Taking care of your well-being as a researcher of online child sexual abuse offenders

Matt Richardson

January 16, 2023

Matt Richardson, the Director of Intelligence and Child Safety for the Anti-Human Trafficking Intelligence Initiative (ATII), a US-based NGO that combats global human trafficking, gives some tips on how to take care of your well-being as someone researching child abuse offenders.

The research on child sexual abuse referred to in this blog does not involve the actual viewing of child sexual abuse material; it and leverages subscription darkweb tools that do not load or render CSAM content to avoid exposure to illicit content.

For 3 years now, on a regular basis, I have conducted online research into heinous and violent cases of child sexual abuse. These investigations span the Darkweb and Deepweb and incorporate open-source intelligence (OSINT) to help identify child abusers. In some cases, my work has involved identifying and prioritizing online spaces for law enforcement to investigate. My research does not involve the viewing of actual CSAM content (e.g. photos, videos), nor does it involve communicating with offenders. It does however involve finding offenders and forums through the use of search terms and the in-depth study of large volumes of offender conversations, including descriptions of CSAM content or sexual crimes against children that they have, or aspire to, to commit. This is done to generate leads for Law Enforcement for further investigation. Although I am extremely committed to my job, reading this content does take a toll and it does affect me. My triggers are subtle, innocuous, and can be unpredictable. Recently I came to the realization that if I wanted to be well and have longevity in the child protection space, I needed to take my own care and well-being seriously. It is my hope that by sharing my personal experiences, and self-care strategies, I may help others in our space.

Here are some of my tips on how to take care of your well-being as a researcher of child sexual abuse offenders.

1. Understand your vulnerabilities

In my experience, I have learned that it is important for me to both recognize and understand my vulnerabilities. I have discovered that exhaustion is my primary red flag. If I am exhausted, I tend to experience some blurring in my vision and “cognitive fog”, for example; short-term memory loss and difficulty processing simple things. I get irritable and experience anxiety. When I am exhausted, I take a “pause” (if it is not an emergency) for even a night or two to recharge.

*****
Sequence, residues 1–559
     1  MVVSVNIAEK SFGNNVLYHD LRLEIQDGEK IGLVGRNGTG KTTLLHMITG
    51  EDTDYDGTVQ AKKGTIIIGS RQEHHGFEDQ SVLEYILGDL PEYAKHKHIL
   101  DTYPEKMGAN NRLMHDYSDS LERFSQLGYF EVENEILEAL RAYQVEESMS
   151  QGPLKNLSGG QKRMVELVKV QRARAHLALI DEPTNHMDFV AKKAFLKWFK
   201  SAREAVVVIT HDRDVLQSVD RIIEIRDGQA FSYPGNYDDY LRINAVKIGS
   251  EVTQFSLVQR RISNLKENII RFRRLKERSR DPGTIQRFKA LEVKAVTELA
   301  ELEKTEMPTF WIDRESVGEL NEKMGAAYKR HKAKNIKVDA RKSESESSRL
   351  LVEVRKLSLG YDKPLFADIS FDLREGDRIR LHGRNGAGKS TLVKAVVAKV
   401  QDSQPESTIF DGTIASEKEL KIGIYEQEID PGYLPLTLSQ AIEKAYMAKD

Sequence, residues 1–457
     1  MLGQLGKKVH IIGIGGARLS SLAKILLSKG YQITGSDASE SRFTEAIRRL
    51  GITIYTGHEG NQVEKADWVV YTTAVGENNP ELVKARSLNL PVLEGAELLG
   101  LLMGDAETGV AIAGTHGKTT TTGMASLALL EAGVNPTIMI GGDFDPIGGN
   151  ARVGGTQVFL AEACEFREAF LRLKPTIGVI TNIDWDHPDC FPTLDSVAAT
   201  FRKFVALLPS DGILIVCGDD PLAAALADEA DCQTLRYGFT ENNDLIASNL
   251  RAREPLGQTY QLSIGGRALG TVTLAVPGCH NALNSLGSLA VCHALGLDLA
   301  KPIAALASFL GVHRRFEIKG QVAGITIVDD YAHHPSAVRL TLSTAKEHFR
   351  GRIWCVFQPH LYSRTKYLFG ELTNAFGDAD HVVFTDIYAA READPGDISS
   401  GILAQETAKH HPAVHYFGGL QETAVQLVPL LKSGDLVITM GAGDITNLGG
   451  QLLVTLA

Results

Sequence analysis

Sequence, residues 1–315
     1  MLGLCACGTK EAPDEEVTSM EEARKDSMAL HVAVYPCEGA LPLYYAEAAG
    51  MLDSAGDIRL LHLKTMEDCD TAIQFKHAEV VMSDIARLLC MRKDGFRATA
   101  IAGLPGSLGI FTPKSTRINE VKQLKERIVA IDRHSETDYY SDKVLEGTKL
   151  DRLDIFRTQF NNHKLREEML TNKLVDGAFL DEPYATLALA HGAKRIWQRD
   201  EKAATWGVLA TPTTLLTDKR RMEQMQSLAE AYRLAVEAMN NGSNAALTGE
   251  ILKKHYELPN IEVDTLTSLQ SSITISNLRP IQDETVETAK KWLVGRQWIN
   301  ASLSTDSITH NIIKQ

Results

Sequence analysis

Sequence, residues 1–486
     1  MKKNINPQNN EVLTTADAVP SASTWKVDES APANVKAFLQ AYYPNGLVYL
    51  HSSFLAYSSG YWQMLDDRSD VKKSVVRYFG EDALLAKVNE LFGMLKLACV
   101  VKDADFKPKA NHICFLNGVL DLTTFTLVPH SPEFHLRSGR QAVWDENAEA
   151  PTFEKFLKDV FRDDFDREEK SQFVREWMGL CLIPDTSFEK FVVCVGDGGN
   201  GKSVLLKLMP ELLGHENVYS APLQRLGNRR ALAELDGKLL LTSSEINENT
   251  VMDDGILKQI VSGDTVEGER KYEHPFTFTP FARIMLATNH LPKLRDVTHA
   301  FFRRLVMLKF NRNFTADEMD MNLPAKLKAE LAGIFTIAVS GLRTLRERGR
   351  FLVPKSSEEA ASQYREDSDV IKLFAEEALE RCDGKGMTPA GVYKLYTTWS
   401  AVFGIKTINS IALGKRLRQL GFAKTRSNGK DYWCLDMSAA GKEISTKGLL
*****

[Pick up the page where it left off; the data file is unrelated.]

2. Never ‘underestimate’ an investigation

One mistake I have made in the past is ‘underestimating’ an investigation before I truly know what I am getting into. I have walked into operations expecting something that I am familiar with and that I can handle with no difficulty only to find I am on the thread of something far more horrible than I expected. I now mentally prepare the same way for every investigation and frame my mindset accordingly.

3. Collect your thoughts and focus

I have a simple process that helps me mentally prepare to gear up for, and down from, the work. For me making a concerted effort to collect my thoughts, mentally distance myself from my regular and family life, and then proceed with an intense focus is the first step. Upon doing so I am mentally prepared and conditioned for the task at hand and am able to conduct my investigation in a clear, objective, and focused manner.

4. Take breaks and do something nice after work

When I feel I am finished with my work I bring myself back from the intensity of the investigation by watching a few episodes of a favorite (light) show. If you find yourself unable to gear down or “come back” I have been advised by my therapist to take a 30-second cold shower and/or engage in vigorous exercise (I recommend both).

5. Talk to a professional counselor

Above all else, having a supportive family and organization is the foundation – I, fortunately, have both. It is important to see a professional counselor for your individual needs and strategies. If possible, it could help to have a ‘friend’ in the field to talk to about experiences and concerns that you may not be comfortable sharing with someone outside of the child protection space.

Overcoming barriers to accessing support

Fear of being misunderstood or unduly scaring people when disclosing feelings is one of the reasons why I initially did not seek help. Trauma is a natural and normal by-product of this work. Accepting this and seeking treatment is both responsible and essential for mental health and wellness.

I was worried that if my true feelings and experiences became known I would be viewed as weak and unfit for duty. The reality has been so much different for me in that I have enjoyed tremendous support and kindness from my peers. Although we have a long way to go in normalizing this conversation, most of those in this space understand the dark nature of the work and the impacts it has on investigators.

6. Establish a self-care plan

Learn to identify your triggers and develop strategies to avoid and/or manage them. Establish a self-care plan that works for you.

These tips helped me avoid or manage my triggers and overall become more resilient and better equipped to constructively manage my trauma. However, we are all unique and we all experience trauma differently; we need to do what works for us. Therefore, to better understand what could work and be right for you, I recommend seeking professional help if needed.

The research on child sexual abuse does not involve the actual viewing of child sexual abuse material.